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India: A Second Opinion

ayurveda 101, Resources and Links

Ayurveda101

Roughly translated as the "knowledge of life," Ayurveda is a traditional method of medical treatment in India that has been practiced for more than 3,000 years. It is based on the concept that illness arises when the body’s three systems, or doshas, are out of balance. To balance the nervous (Vata), the venous (Pitta) and the arterial (Kapha) systems, Ayurvedic practitioners primarily prescribe medicinal herbs and massage with oil. Additional healing methods can include yoga, sweat baths, meditation, medical enemas and nasal cleansing.

Rooted in Hinduism, the philosophy of Ayurvedic medicine contends that the body, mind and soul are connected to the outer world. When the relationship among these elements of one’s personality is out of balance, health problems arise. The practice has evolved in recent years to treat such modern health concerns as addiction, work stress, weight loss and infertility.

Modern Indian society recognizes Ayurveda as a legitimate medical system. Practitioners receive state-licensed, institutionalized medical training. Approximately two-thirds of India’s rural people, who comprise 70 percent of the population, use Ayurveda for their primary health care needs. In the United States, approximately 751,000 people have received Ayurvedic treatment, according to a 2004 National Center for Health Statistics study.

Despite Ayurveda's growing popularity in the West, traces of lead, mercury and arsenic have been found in over-the-counter Ayurvedic medicines manufactured in South Asia. The Center for Disease Control received 12 reports of lead poisoning linked to Ayurvedic medications in 2004. As well, Ayurveda faces challenges brought about by the continued modernization in all sectors of Indian life. Read the extended interview with Dr. Ram Manohar of Arya Vaidya Pharmacy for more on the finer points of Ayurvedic treatment, the dilemmas that come with standardized medicine and training, and the UCLA study measuring Ayurveda’s effectiveness compared with Western practices.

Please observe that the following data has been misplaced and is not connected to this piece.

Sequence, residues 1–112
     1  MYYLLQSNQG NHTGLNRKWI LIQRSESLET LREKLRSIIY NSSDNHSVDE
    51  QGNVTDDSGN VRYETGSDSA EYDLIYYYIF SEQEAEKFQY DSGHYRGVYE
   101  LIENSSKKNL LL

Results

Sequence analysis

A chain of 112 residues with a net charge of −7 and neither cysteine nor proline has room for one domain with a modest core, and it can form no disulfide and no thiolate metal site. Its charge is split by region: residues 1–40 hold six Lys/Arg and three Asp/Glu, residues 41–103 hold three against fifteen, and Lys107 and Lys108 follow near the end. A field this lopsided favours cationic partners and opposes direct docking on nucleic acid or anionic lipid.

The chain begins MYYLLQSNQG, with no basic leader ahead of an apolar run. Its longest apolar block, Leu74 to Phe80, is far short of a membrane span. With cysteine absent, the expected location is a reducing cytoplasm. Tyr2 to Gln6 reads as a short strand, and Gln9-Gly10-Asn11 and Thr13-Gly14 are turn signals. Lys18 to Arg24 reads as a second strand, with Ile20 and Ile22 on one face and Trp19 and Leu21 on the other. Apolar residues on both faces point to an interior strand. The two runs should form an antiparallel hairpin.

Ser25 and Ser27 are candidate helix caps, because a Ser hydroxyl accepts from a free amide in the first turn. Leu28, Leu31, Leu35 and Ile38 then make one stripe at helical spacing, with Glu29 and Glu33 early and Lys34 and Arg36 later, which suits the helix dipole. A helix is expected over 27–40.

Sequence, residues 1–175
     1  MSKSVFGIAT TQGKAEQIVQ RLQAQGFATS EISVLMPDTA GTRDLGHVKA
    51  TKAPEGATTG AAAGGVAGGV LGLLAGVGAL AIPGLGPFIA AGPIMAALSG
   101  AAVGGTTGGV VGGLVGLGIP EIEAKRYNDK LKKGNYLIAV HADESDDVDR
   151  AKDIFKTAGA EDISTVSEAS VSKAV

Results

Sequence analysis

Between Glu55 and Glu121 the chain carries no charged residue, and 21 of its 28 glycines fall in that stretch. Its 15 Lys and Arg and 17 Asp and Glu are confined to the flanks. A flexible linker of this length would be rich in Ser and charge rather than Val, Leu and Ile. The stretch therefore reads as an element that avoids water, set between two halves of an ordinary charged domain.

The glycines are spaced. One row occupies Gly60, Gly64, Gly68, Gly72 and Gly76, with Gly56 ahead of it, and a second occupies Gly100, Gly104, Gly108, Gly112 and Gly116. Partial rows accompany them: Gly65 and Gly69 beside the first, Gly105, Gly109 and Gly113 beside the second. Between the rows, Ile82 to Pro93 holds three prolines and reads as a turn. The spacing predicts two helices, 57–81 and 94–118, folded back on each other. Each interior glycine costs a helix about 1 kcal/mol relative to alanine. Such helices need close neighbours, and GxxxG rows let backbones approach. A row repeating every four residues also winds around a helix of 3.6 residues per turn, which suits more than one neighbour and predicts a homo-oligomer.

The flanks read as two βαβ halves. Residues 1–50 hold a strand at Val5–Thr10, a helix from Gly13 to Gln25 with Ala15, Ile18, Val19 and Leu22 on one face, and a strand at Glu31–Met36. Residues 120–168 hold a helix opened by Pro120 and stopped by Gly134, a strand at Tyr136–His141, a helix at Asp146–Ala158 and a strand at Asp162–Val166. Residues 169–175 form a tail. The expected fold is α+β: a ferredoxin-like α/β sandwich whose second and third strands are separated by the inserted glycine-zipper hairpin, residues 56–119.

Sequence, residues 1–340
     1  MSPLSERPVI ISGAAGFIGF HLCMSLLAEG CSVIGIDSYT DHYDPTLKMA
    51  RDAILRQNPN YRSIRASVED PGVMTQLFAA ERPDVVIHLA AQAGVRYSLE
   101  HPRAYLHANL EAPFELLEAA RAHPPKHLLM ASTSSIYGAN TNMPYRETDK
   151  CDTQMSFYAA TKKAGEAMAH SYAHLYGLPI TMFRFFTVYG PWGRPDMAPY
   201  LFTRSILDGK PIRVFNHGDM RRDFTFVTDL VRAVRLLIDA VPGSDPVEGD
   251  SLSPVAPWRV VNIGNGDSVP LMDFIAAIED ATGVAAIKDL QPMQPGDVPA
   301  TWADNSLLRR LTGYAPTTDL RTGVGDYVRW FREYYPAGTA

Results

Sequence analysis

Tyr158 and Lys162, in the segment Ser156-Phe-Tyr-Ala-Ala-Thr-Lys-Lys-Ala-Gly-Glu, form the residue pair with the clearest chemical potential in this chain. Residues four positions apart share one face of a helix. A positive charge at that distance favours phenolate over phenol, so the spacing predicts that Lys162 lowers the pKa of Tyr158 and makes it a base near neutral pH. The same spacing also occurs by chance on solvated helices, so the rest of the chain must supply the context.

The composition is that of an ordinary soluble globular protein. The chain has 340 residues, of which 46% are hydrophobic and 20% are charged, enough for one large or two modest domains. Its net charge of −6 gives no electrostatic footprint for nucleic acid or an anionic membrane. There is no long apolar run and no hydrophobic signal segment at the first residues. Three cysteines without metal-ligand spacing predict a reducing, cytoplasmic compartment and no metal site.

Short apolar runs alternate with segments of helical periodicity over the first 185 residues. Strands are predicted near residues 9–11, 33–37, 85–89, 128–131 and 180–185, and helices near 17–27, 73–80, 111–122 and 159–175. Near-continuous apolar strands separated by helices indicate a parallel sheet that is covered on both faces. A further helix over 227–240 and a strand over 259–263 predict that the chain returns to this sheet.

Related Links

Map of India

Articles/General Info
Efficacy of Ayurveda in Test
India's national newspaper, The Hindu, reports on the UCLA study of rheumatoid arthritis patients at the Arya Vaidya Pharmacy (AVP) in Coimbatore, India. Dr. Daniel Furst, director of clinical research at the David Geffen School of Medicine at UCLA, is leading the study, which tests combinations of allopathic and Ayurvedic treatments to determine efficacy. "There is a major push for study on Ayurveda in the United States,” Furst says in the story. “It has been practiced for 3,000 years [in India]. No one will do it if it is garbage. It will gain credibility if adequately tested and will be used more."

Perspective: Ayurveda and Conventional Medicine
A U.S. federal agency, the National Center for Complementary and Alternative Medicine (NCCAM), publishes this biannual newsletter on alternative healing practices, examining them through a scientific lens.

Introduction to Ayurvedic Philosophy
This holistic Web site provides an introduction to the history of Ayurveda and a New Age interpretation of the philosophy. It describes the connection between body and mind as integral and discusses maintaining health through "lifestyle interventions and natural therapies."

Library of Congress Study of Indian History and Health Care
This 1995 Library of Congress study by James Heitzman and Robert L. Worden offers an extensive overview of Indian history and health care. Ayurveda is one of the two main forms of traditional Indian medicine. The other is the herbal medical practice called "Unani." Not until the late 1970s did India's official health policy include the integration of Western medical doctors with practitioners of traditional medicine.

Traditional Beliefs and Natural Remedies
The principles of Ayurveda are compared with those of modern medicine on this Web site produced by Baylor University. It gives examples of natural remedies for common ailments such as headaches and fever and lists a few of the approximately 14,000 plants used in herbal medicine.